Blue Ridge Farm is located just outside of Colville, Washington, on 81 rolling acres of farmland and timber. The farm has a history dating back to the mid-1940s - mainly producing cattle and hay - and was originally named for the beautiful mountain peak to the west. We purchased the property in late 2020, and set about restoring the land and rebuilding the quality of the soil through low-impact regenerative agriculture. The farm now focuses on the sustainable production of northern-hardy heirloom and open-pollinated vegetables, fruits, herbs, and hay – all of which are grown without synthetic fertilizers, pesticides, or heavy tilling. Our goal is to utilize good land stewardship practices to maintain the health of the soil and the wild flora and fauna of the landscape.
-Ryan & Jillian Garrett, owners of Blue Ridge Farm
Healthy ecosystems require healthy soil – it is our most precious resource. On our farm, we make every effort to build up the health of our soil through the use of no-till farming practices, farm-made composts, cover crops, and mulches.
Input reduction is a huge part of the regenerative model, which helps to reduce waste and create more of a closed system of agriculture. Examples on our farm include drip irrigation, farm-made composts, soil blocking, seed saving, and passive solar heating.
Biodiversity both in and on the land is key to a healthy environment and a healthy farm. We make sure that our agriculture makes room for, or even encourages, wildlife. We consider ourselves citizens and stewards of a complex biological system here, and we make our decisions based on what is best for the whole.
We got into farming because we saw an ever-expanding disconnection from our food chain. While small-scale farming is not accessible to everyone, we can share our experiences and our insights, as well as our mindfully-grown produce. Farms are in a unique position of supporting the communities that support them.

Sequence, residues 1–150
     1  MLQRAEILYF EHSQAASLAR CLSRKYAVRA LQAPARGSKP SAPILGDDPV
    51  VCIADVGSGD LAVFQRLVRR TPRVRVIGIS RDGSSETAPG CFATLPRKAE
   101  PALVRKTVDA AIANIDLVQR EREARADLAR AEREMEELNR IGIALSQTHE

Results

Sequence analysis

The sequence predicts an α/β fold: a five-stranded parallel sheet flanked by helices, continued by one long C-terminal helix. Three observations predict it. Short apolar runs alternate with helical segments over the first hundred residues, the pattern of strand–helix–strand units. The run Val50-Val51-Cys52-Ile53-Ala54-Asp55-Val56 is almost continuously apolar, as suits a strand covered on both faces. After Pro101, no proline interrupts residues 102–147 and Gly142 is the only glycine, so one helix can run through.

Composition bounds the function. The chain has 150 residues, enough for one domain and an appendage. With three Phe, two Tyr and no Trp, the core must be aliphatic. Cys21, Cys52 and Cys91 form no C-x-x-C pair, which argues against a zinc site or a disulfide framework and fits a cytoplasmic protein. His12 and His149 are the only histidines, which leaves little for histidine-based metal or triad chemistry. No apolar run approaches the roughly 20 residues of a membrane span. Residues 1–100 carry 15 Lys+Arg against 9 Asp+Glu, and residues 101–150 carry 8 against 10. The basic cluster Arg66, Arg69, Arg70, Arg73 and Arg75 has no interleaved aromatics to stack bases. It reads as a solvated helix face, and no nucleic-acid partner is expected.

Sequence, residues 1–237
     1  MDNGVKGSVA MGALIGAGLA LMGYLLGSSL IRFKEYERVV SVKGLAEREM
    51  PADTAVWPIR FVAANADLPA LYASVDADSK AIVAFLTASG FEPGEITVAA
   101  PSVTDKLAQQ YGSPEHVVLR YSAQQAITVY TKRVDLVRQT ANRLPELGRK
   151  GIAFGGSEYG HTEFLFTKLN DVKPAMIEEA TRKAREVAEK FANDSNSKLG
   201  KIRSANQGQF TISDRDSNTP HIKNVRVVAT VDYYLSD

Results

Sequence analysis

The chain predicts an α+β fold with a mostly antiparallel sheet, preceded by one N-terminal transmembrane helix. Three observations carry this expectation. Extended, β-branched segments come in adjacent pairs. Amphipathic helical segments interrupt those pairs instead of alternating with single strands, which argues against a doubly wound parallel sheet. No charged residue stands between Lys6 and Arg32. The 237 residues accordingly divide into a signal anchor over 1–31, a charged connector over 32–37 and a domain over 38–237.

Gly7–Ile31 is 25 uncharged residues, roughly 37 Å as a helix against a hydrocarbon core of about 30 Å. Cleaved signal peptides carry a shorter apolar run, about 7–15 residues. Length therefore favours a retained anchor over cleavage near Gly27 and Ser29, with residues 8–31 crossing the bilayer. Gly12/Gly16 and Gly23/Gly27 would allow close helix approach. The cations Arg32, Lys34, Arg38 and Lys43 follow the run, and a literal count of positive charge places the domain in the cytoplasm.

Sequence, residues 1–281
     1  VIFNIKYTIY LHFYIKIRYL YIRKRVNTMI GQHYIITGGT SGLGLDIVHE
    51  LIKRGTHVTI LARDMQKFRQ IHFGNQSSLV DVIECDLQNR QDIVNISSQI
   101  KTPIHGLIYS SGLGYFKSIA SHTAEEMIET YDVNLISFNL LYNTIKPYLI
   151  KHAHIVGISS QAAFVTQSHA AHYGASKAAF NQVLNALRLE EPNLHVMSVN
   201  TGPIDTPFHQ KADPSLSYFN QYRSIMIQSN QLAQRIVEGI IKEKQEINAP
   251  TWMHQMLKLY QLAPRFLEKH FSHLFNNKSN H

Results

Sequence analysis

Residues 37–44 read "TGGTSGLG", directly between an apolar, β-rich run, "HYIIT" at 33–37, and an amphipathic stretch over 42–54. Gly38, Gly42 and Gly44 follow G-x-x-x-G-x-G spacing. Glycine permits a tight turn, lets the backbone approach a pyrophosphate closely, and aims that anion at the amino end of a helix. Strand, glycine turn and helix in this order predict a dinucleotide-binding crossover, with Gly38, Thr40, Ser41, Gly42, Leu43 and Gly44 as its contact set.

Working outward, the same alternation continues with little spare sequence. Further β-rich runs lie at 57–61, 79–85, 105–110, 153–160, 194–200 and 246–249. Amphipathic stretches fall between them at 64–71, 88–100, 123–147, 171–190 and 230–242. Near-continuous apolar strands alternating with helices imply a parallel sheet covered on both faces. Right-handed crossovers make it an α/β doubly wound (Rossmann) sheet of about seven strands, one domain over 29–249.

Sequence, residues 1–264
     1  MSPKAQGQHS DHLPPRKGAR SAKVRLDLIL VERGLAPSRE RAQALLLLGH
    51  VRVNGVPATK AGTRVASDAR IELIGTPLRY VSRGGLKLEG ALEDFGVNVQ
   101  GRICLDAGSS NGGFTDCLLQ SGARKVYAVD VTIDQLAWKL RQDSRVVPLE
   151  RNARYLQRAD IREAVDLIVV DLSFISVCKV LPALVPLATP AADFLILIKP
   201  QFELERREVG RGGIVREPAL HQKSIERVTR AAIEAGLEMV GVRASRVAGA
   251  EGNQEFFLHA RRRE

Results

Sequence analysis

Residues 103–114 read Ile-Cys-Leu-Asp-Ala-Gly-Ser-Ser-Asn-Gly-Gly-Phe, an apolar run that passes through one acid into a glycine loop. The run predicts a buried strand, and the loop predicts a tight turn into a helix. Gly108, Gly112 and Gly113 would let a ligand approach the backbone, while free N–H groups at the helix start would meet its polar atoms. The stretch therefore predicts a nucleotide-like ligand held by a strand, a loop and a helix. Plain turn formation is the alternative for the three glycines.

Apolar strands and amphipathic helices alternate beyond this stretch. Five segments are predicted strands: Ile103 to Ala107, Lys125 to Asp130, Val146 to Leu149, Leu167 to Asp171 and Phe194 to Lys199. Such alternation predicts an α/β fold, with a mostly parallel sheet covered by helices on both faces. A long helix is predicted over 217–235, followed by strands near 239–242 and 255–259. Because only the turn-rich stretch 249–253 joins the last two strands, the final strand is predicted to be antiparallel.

- Ryan & Jillian Garrett, owners of Blue Ridge Farm
We are frequently asked the question, “What is regenerative agriculture?”
Well, you can’t really talk about regenerative agriculture without also discussing organic agriculture, and in recent times, it’s practically impossible to discuss organic without taking into consideration its corporate appropriation and re-branding. That’s a long conversation that we’ll get into a bit later. For now, just keep in mind that regenerative agriculture provides a way to leave the land better than we found it, by focusing on soil improvement and biodiversity. That core concept is a driving value in our daily lives here on the farm.
Regenerative agriculture does not yet have a government-backed certification agency. On the downside, this means that just about any farm can lay claim to the distinction without needing to follow the spirit of the practice. On the upside, we have seen how the “organic” label has been twisted from its original principles to mean something outside the perception of most consumers. It has become industrial. When we think about organic practices, we tend to think of food grown in a more biologically natural way, associated with the land and the soil of a small, diverse farm. I use the term biologically natural because “natural” is another word that has been bought and betrayed by big business. Most people would not consider spraying down a greenhouse with pesticides as a natural or organic practice, but if the “right” pesticides are used, they can absolutely have these labels. The idea that a hydroponic tomato factory can achieve “organic” status should illustrate how far we’ve strayed from the initial meaning of the term. It is for these reasons that I hope regenerative agriculture never ends up being a government certification, though a few smaller independent organizations are beginning to offer certifications on a farm-by-farm basis.
Because each farm is different, and each farmer must decide on the best methods to achieve a regenerative model, let me talk a bit about what it means to us. Here at Blue Ridge Farm, our agricultural plan is best summarized in four key values: Soil Health, Input Reduction, Biodiversity, and Outreach.
Foremost in our goals here is to improve soil health. Healthy ecosystems require healthy soil – it is our most precious resource - and yet we as a society take it for granted. So much so that we have sloughed off a great deal of our most precious resource down the Mississippi River and into the Gulf of Mexico. On our farm, we make every effort to build up the health of our soil using animal-based manures, no-till farming practices, pasture rotation, and most importantly, always having some sort of protective mulch layer between the soil and wind erosion. These methods may not be as easy as buying synthetic fertilizer from Dow Chemical, but it’s a long-term investment in the health of our land and our farm.